In a welcome testament to good karma, evidence is piling up that healthier food, like whole grains, can also reap healthier profits for restaurants, schools and other foodservice establishments.

A new study in the American Journal of Preventive Medicine, which analyzed school lunch revenues and participation data from 11 school districts in Massachusetts, found that while schools experienced an initial dip in revenue the first year they implemented the healthier school lunch standards, long-term revenues were actually not impacted. In fact, after the second year, school lunch participation actually increased by 15% among students eligible for reduced price lunches.

While school districts are mandated to follow federal nutrition requirements for health reasons, other foodservice operators are adding whole grains for their flavor and appeal – and are riding the coattails of this food revolution all the way to the bank. At our Whole Grains Away from Home conference last month, Teresa Perretta, the VP of Ohio sushi chain FUSIAN, explained how offering brown rice sushi allowed FUSIAN to expand business into local school districts, since the brown rice helps the dish qualify for National School Lunch Program regulations. FUSIAN then added the brown rice option to their regular restaurant menu, and quickly found about half of their customers preferred brown rice to white.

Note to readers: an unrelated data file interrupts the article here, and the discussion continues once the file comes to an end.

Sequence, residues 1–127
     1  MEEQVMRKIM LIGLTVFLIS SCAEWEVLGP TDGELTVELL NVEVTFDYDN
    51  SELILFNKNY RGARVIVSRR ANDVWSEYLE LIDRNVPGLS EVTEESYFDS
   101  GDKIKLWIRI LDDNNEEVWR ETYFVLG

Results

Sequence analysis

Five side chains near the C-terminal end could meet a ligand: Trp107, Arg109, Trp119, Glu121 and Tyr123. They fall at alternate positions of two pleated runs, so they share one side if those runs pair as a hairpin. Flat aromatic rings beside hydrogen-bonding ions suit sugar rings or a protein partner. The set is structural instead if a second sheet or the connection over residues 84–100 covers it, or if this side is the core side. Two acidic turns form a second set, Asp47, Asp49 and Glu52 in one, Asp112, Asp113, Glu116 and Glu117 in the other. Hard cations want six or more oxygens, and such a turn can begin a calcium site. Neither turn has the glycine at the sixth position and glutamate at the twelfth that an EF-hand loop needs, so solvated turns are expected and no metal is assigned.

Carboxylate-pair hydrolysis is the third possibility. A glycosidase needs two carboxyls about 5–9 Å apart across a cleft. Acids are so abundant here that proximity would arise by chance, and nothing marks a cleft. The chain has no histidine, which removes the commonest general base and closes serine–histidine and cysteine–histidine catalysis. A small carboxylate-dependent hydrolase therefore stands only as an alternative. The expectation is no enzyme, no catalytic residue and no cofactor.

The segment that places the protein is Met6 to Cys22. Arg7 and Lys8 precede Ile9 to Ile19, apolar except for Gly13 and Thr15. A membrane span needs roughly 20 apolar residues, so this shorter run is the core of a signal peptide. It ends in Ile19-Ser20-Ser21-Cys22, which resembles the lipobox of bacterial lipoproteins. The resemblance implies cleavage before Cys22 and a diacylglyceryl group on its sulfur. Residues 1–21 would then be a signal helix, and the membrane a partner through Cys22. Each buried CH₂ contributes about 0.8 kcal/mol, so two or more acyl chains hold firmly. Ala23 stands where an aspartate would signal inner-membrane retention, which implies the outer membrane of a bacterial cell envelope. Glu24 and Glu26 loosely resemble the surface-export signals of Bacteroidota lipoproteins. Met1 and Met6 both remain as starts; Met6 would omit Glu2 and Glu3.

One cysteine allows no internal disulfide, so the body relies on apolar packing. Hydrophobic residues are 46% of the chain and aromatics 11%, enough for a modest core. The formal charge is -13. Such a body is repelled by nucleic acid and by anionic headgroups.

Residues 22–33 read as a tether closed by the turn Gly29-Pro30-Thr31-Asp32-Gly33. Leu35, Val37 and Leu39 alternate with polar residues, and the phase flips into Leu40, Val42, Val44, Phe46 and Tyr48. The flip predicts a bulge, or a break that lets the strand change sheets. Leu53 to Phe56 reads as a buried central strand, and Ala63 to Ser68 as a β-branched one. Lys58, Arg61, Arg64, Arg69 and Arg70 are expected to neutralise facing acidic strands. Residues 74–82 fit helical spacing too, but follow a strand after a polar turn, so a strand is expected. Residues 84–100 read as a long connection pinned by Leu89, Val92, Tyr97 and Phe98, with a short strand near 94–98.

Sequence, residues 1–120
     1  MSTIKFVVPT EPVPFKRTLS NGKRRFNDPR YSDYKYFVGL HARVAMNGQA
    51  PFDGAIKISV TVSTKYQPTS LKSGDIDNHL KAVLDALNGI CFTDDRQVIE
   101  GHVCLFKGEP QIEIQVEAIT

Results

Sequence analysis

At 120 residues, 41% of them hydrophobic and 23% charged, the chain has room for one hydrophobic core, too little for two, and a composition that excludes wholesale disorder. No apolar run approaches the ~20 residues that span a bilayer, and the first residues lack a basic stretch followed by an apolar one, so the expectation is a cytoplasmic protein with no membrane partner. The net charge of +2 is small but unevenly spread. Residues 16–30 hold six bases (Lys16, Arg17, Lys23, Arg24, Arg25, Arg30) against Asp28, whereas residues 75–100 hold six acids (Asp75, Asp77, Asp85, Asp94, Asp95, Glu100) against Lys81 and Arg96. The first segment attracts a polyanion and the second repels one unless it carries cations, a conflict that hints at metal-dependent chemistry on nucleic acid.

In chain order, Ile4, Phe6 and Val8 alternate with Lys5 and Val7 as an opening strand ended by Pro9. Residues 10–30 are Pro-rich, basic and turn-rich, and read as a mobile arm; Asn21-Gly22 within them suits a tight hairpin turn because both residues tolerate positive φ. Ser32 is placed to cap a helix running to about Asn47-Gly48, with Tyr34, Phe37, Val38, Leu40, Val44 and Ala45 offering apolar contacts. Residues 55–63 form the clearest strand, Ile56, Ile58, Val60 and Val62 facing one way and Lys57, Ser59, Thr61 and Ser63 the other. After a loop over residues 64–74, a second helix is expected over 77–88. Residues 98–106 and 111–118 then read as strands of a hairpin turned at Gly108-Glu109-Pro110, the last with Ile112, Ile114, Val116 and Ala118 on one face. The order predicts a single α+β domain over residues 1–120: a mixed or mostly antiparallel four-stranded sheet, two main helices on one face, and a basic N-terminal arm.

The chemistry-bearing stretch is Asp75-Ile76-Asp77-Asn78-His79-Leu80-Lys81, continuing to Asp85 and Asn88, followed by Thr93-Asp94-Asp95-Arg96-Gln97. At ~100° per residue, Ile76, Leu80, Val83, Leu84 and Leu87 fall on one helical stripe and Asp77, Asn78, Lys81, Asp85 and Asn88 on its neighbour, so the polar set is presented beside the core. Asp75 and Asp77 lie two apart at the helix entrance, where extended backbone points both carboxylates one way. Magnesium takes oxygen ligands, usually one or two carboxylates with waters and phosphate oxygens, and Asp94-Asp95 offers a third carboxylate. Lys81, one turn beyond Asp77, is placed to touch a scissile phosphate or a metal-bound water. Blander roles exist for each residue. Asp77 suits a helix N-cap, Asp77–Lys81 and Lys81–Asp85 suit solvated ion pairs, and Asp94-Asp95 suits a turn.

Although whole grains can sometimes be more expensive than their refined counterparts, they offer a distinct, marketable value: a small additional expense can lead to big additional profits. After healthy fast food chain b.good added a selection of kale and grain bowls to the menu in late 2013, chef and co-founder Tony Rosenfeld reported at our conference that overall company sales increased by 25%.

That said, embracing whole grains is also a useful strategy to cut food costs, since the most expensive part of the plate is usually protein (meat, fish, poultry, etc.). Historically, many chefs have started with protein, then added sides. But today, Americans are moving away from a meat-based diet, and chefs are getting away from “3 pile food.” This also helps chefs make room for higher quality proteins, such as local, pasture-raised hens or wild-caught fish, without the burden of needing to fill up the entire plate. Consider spelt pasta or farro risotto, for example. Chefs can augment that with a small portion of beef or fish, but the bulk of the meal is grain based, and it’s richly satisfying.

Better for business and better for public health don’t often overlap so neatly, which makes these trends all the more scrumptious. Whole grain dishes are great for the bottom line, and are the perfect place to start, for restaurateurs looking to capitalize on the movement towards more nutritious cuisine. (Kelly)

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